The 800 or so Pacific islanders who work as independent observers on tuna boats are some of the region’s unsung heroes.
They work alone as the eyes and ears of the Pacific’s monitoring and compliance efforts, alongside crews who may not want their activities made public. As a result observers risk harassment, intimidation and even murder.
Pacific nations made improving observer safety one of their top three priorities when they met with the fishing powers in Nadi next week at the 13th session of Western and Central Pacific Fisheries Commission (WCPFC).
“The observers are playing important but far more dangerous roles than they ever have before,” Wez Norris Deputy director general of the Forum Fisheries Agency told a group of Pacific editors gathered in Nadi to report on this year’s Commission meeting.
“Traditionally, observer programs are science based – they are there to collect information that gets fed to the scientists for their work.
“Observers are more and more being called upon now for compliance functions as well so the information that they record is used by fisheries compliance officers in investigations and prosecutions and so on,” said Mr Norris.
Their bigger role is exposing observers to increased threats.
“It exposes them to intimidation …it also exposes them to bribery and corruption issues,” Mr Norris said, “we need to take that very seriously as the information that they are collecting is absolutely essential, we rely on it very heavily.”
“We’ve been given very clear instruction by the Pacific Fisheries Ministers that these people need to be looked after. It’s a daunting job that they do and it’s very valuable to us.” Mr Norris said.
The issue came to a head in the WCPFC last year as a result of serious incidents including murder of two observers from Papua New Guinea.
“We have pushed through quite a bit of reform throughout the year,” Mr Norris said.
“If they get word from their observers that there’s a particular issue on a boat, they(have) a range of responses from simply liaising with the owner of the company and the master of the vessel, all the way to ordering vessels back into port immediately, disembarking observers, taking compliance action and so on,” Mr Norris explained.
“At the same time we see a very strong need for the Commission to have specific rules in place that require flag states and fishing companies to take specific actions.
“We want to make sure that we have as holistic a set of arrangements as possible.”
Both flag states and observer providers have responsibilities.
The FFA Deputy DG said that particular issues that they need to deal with include the issue of insurance and making sure that observers are adequately covered by the various forms of insurance – income protection, health insurance, life insurance and so on because it is dangerous working on fishing vessel and incidents do happen.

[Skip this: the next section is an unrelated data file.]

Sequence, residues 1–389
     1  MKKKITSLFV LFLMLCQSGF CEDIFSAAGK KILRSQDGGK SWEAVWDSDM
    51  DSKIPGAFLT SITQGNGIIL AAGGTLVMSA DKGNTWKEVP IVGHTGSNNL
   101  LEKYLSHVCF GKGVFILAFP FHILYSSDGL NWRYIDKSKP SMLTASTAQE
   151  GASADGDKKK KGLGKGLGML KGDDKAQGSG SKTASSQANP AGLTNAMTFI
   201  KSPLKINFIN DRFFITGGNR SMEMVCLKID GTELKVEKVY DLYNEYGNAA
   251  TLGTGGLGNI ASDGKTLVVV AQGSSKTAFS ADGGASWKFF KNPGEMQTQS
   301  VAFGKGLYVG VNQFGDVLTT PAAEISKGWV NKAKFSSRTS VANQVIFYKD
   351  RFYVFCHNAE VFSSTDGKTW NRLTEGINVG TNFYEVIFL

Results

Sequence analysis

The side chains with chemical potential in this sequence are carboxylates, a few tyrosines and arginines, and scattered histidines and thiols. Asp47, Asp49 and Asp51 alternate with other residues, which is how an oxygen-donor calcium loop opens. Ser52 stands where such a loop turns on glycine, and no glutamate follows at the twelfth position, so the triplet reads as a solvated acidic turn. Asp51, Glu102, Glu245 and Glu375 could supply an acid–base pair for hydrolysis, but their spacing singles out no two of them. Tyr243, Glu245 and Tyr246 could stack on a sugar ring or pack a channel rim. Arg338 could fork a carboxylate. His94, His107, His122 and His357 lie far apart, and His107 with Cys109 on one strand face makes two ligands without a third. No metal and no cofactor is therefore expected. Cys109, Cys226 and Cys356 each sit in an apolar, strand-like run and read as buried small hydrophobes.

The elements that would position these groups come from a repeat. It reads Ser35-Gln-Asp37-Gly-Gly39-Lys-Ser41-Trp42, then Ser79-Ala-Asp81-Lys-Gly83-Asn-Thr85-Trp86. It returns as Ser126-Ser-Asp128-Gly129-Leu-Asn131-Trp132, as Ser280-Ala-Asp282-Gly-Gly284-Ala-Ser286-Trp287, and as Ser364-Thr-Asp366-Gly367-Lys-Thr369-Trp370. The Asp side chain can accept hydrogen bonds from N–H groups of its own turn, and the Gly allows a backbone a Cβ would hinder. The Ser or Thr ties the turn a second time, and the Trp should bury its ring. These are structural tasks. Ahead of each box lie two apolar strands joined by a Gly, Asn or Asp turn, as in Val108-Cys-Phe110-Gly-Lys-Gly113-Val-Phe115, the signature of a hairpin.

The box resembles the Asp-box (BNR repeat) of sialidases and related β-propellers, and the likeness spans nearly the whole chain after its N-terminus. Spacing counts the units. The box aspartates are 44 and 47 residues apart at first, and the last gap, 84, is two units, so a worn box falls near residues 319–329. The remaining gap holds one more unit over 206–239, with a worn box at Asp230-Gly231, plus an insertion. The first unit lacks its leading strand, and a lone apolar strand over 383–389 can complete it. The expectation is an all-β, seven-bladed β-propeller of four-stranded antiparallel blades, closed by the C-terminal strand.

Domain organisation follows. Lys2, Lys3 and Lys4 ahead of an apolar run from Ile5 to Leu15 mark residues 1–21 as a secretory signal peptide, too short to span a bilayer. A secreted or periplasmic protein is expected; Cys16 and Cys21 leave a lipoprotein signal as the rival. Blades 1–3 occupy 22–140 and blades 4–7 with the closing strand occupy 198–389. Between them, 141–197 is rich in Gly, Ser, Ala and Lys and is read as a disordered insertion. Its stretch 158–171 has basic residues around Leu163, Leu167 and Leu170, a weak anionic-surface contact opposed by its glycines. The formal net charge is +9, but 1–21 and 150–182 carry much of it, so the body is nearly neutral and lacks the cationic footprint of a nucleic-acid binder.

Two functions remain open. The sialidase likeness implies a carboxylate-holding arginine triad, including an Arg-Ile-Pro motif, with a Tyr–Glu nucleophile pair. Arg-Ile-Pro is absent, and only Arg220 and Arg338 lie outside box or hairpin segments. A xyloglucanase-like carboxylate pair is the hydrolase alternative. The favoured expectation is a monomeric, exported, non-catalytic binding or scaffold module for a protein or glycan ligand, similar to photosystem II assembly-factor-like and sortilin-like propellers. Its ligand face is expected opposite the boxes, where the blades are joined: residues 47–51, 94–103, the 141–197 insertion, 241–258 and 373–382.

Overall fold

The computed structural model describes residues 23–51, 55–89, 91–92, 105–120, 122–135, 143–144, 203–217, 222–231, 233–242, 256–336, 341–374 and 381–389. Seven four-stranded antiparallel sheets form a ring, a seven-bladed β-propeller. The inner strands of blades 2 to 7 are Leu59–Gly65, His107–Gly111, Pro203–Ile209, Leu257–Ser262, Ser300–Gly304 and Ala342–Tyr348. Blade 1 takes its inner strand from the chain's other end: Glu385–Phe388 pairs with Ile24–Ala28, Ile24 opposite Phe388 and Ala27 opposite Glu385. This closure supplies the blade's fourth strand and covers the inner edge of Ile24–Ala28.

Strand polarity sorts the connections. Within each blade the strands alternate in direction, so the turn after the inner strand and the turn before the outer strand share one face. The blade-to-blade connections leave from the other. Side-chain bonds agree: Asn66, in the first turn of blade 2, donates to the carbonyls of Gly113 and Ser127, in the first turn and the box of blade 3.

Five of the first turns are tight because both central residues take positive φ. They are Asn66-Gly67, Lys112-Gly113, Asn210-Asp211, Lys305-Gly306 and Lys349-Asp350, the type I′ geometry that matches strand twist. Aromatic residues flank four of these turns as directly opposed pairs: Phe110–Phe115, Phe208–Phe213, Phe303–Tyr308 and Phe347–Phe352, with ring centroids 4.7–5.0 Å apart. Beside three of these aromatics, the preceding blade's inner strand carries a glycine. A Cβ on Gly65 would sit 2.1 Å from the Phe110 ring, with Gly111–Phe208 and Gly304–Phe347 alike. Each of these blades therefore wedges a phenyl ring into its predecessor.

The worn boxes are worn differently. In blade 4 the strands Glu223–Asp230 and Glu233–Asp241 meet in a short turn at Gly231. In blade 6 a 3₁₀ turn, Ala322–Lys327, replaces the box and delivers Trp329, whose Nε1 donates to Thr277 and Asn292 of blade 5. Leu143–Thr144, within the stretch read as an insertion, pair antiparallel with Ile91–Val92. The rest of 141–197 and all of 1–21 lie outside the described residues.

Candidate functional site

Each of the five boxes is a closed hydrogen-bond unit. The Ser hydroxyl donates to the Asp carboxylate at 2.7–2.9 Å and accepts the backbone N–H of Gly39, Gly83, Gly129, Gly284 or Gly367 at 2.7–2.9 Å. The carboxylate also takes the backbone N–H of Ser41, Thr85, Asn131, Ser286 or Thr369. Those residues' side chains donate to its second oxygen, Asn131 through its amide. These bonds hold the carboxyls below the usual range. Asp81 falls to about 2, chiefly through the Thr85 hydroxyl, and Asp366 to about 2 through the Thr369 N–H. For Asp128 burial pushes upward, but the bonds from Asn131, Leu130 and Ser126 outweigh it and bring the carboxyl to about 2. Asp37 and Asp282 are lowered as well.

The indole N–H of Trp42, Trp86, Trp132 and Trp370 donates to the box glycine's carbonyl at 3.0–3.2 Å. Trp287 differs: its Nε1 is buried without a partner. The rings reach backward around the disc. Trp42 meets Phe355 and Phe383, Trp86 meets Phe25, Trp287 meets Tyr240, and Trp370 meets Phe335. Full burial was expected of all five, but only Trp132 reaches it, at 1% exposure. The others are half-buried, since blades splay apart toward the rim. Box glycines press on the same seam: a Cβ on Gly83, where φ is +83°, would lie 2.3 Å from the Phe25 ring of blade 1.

The two other highest priority areas in terms of the technical work at this commission meeting were not as well-supported as Observer Safety. They are harvest strategies and the bridging measures for tropical tuna and albacore.
Harvest strategies is basically a way of pre-agreeing management rules that the Commission would implement if a tuna stock got to a certain point or a fishery got to a certain level. It’s the way of increasing the role of science in decision making for the Commission and decrease the opportunity of politicization of some of these decisions, Norris explained.
“For us the key ones of importance are: An Albacore target reference point. So, what the target reference point does is it sets out the target at which you’d like the fishery to be in. So, it really relates to the objective of your fishery, where you want it to be.
“FFA members put forward a proposal for an Albacore target reference point last year and it wasn’t successful for a couple of reasons. First of all because it is a new concept and these things get a little while to get people on board. Secondly, currently, the Albacore fishery is currently lower than that target reference point, so it’s at a state that’s depleted lower than where actually want it to be.
“So, there’s a real fear among Commission members that once you adopt a target reference point then you also have to adopt catch and effort reduction to get back up to that target. That’s a real concern and a valid once.
“Our argument is that, adopting a target reference point is like making a statement of intent. It’s the Commission agreeing “this is where we want that fishery to be.”
He says one of the other components of a harvest strategy, important for the WCPFC13 was to record objectives for each one of the fisheries. This work, increasingly important as the Pacific heads to WCPFC14 in Manila, will focus on managing the three main fisheries in the Central and Western Pacific Tropical Purse Seine fishery. Operating mainly in the Parties to the Nauru Agreement (PNA) EEZs, managed under the vessel-day scheme; there is a tropical long line fishery, which is primary targeted at bigeye and yellow fin and that operates around the equator, and a sub-tropical long line fishery, which is primarily targeted at South Pacific Albacore.–ENDS